This article describes the procedure for moving an ebuild from testing to stable.
Users should request stabilization from the maintainers of a package if it is working well and has been in tree long enough. Stabilization, especially first-time instances, only occurs when a need arises or a request is made.
Users should not manually CC arch teams. Users should let the maintainer handle that in case they want to use a different version or it is not ready.
Checklist for a stabilization request
Users only need to ensure the package works correctly for them and has ideally been in the tree for ~30 days. Developers will handle the rest. Checking more is just a nice bonus.
The requirements for stabilization can be found in the Section Keywording of the Developer Manual. Go through this checklist before opening a new stabilization request.
- Live ebuilds (-9999) cannot be stabilized
- See KEYWORDS for more information on stable/unstable branch
- Did you test the version you want to become stable thoroughly?
- Do tests pass? (
FEATURES=test) (not necessary to check as a user)
- Are there other bug reports regarding this package (focus on regressions)?
- Is the ebuild older than 30 days (sooner for security issues or serious regressions)?
- Are its dependencies all marked stable? (This can be handled in the same bug)
- The stabilization requires developer time. Until we have automatic stabilization it makes sense to limit stabilization requests to ebuilds which benefit somehow from a stabilization.
The primary purpose of the stabilization process is to ensure an ebuild is ready for all users in the official Gentoo ebuild repository. This can involve maintaining the consistency of the dependency graph, basic compatibility checks with other packages, and smoke testing of the package itself.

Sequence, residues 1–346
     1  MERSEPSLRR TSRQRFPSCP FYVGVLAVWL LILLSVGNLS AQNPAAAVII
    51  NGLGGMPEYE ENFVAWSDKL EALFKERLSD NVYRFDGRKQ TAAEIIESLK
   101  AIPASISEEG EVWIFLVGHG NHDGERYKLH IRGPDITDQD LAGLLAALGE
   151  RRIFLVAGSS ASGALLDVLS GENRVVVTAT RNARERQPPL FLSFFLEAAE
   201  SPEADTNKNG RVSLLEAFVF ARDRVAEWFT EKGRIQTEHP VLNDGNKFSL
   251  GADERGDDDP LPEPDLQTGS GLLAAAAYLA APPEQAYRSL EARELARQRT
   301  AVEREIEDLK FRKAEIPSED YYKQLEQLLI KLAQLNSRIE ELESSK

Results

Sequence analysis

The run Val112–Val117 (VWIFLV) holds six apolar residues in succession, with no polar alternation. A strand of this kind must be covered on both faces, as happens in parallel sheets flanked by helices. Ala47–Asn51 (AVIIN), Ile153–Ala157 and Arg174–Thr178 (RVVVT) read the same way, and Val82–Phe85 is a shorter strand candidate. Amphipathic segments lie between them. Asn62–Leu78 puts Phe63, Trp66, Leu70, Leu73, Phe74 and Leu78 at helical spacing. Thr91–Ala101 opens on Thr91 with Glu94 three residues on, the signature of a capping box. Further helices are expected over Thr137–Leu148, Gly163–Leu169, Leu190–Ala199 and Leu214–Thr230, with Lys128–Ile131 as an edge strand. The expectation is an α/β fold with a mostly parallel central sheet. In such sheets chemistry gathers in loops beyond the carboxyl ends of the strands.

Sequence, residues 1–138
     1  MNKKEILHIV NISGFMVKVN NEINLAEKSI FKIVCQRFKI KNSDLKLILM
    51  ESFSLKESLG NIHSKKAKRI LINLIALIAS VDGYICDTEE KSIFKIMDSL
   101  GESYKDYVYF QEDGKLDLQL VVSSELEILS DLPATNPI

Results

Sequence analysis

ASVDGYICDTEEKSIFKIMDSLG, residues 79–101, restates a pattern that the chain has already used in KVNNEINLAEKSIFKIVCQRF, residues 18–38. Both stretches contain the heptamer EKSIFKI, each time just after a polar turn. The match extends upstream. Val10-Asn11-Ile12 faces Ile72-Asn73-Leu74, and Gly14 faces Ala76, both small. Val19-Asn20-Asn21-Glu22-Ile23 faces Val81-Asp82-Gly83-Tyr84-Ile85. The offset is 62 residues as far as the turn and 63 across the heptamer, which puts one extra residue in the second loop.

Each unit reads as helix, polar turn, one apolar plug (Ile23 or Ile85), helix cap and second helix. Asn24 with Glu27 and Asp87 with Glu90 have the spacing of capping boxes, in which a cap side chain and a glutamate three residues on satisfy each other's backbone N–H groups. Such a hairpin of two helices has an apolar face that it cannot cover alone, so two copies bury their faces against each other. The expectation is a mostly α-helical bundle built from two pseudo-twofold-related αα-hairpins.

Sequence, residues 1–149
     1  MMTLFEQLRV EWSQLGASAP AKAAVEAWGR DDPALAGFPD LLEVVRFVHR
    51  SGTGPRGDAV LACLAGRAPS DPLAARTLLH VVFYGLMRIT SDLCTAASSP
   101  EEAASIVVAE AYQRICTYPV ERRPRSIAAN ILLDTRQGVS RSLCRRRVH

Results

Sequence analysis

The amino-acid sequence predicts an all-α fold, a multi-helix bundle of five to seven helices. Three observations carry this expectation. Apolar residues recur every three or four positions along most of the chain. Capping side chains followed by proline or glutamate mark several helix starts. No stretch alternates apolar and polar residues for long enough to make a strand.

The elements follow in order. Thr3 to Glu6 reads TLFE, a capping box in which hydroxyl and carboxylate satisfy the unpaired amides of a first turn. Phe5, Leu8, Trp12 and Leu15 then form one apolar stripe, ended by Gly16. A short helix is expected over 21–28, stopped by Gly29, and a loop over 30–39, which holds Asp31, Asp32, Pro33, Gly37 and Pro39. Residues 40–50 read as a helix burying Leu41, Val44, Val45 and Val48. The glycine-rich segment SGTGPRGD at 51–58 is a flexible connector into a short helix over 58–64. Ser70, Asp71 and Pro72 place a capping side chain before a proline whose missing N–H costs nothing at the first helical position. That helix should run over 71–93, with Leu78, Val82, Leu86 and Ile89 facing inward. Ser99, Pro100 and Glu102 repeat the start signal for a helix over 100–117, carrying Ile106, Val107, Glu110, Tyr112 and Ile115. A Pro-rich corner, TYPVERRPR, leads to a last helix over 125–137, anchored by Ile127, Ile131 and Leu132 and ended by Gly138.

Stabilization is not intended to relieve a package maintainer of their responsibility to ship a quality package - the primary responsibility of ensuring that a package is a good stable candidate remains with the person approving the stabilization request. The stabilization process does not include more than basic functionality checks unless explicitly requested.
Everybody can request stabilization by means of a stabilization bug ticket. Please request stabliization if a package you use and enjoy is not marked stable.
Periodically NATTkA will review stabilization requests for completeness and complain if there are invalid or missing atoms, setting a
sanity-check- flag as appropriate. This allows arch team members to filter out requests that are not known-good if they wish. A series of architecture-specific saved searches are available for convenience.
Simultaneous stabilization on all architectures
Developers should add
<stabilize-allarches>to metadata.xml to ensure consistency.
If you maintain an architecture-independent package (data files, icons, pure Perl,...) then you may request that your package be stabilized on all arches at once. To do this — when you are filing the stabilization bug — please add the keyword
ALLARCHES in addition and CC the arches that you would like to stabilize.
The arch teams, when encountering the
ALLARCHES keyword, should perform their usual set of tests on a single convenient architecture. Then, if everything works, stabilize not only the arch that was used during testing, but also all of the other arches in CC on the bug. Afterwards, the CC field can be cleared and the bug closed if appropriate.
- Package testing - An article describing how to configure a Gentoo system for testing ebuilds.
- Bugzilla/Bug report guide#Package XY should be marked stable